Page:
Professor Sir Adrian Bird jointly awarded 2020 Brain Prize

Wednesday, 29 April, 2020

Many, many congratulations to Professor Sir Adrian Bird (Buchanan Professor of Genetics, Wellcome Centre for Cell Biology, and Simons Initiative for the Developing Brain) on being jointly awarded The Brain Prize for 2020 with Professor Huda Zohgbi (Professor of Paediatrics, Human and Molecular Genetics, and of Neurology and Neuroscience, Baylor College of Medicine in Texas).

Affectionately known as the ‘Nobel of Neuroscience’ this is one the most prestigious prizes a neuroscientist can be awarded. Established by the Danish-based Lundbeck Foundation, it is awarded each year to one or more brain researchers who have had a ground-breaking impact on brain research.

Selected from over 100 nominations, Huda and Adrian have been awarded The Brain Prize for their fundamental, pioneering work on a disorder affecting children, called Rett Syndrome.

Rett syndrome, first described in Vienna in 1966, is a devastating genetic disorder that typically becomes apparent after 6 to 18 months of age in baby girls. Symptoms include problems with coordination and repetitive movements, and later with language development. Often there is slower growth, problems with walking and a smaller head size. Additional complications can include seizures and sleeping problems. Its prevalence is about 1 in 8000 females.

Adrian Bird and Huda Zohgbi identified alterations in a protein called MeCP2 as the cause of this brain disorder.  Adrian discovered that MeCP2 interacted with methylated DNA as well as a gene silencing complex, which results in the gene silencing machinery being delivered to methylated sites in the genome. Huda’s work with female Rett Syndrome patients revealed that they had a mutation in MeCP2.

Because the MeCP2 gene is on the X chromosome, girls carrying a Rett mutation have brains that are mosaic for the mutation, meaning some cells express mutant MeCP2 protein while others express normal protein. By contrast, in males, all brain cells are affected, and the condition is lethal before birth.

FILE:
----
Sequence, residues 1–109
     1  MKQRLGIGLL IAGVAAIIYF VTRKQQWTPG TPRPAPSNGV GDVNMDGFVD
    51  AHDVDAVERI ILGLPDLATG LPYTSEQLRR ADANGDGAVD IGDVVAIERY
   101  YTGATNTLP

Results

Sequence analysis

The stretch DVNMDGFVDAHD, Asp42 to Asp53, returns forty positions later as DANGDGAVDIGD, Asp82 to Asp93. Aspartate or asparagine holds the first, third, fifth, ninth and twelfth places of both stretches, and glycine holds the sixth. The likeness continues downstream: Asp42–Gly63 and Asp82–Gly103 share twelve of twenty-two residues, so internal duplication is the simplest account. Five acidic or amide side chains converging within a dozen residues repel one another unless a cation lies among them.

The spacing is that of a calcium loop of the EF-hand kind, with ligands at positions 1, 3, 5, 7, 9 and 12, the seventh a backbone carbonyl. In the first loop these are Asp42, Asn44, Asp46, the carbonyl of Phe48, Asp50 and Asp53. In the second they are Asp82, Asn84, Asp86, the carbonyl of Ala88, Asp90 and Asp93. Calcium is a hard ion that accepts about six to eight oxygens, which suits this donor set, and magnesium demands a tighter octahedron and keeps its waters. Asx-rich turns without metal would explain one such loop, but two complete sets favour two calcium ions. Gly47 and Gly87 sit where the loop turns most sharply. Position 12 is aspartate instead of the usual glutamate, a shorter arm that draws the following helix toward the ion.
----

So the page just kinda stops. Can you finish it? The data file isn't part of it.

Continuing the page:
The generation of a knock-out mouse model by Adrian’s lab (where the MeCP2 gene is removed) and a mouse model bearing the human mutation in MeCP2 created by Huda’s lab establishing that MeCP2-deficiency in the brain is responsible for the human condition. Surprisingly whilst a lack of MeCP2 is problematic, it turns out that having too much MeCP2 is also damaging.

Most excitingly, Adrian’s lab also established that, in mouse models, the condition could be reversed by triggering activation of quiescent MeCP2 after development, changing the notion that neurodevelopmental disorders can’t be altered once established.  For children and families around the world, it also raises the possibility that Rett Syndrome may be treatable in humans. Clinical trials are now imminent.

Professor Sir Adrian Bird said "I am truly honoured to be awarded the Brain Prize. I have been fortunate to work with outstanding people over the years, and this recognition from the Lundbeck Foundation is also a credit to them. Like so many discoveries that have turned out to be biomedically important, the work we began in the 1990s started out as blue-skies research with no obvious practical benefit. I am grateful for all the generous support I’ve received from the University, the Wellcome Trust and the Rett Syndrome Research Trust since those early days."

This is the second time the Brain Prize – now in its tenth year – has been awarded to an Edinburgh Neuroscience researcher. In 2016 Professor Richard Morris was one of three academics recognised for their work on the mechanisms of memory.

Adrian is also a founding member and Director of the Simons Initiative for the Developing Brain (SIDB).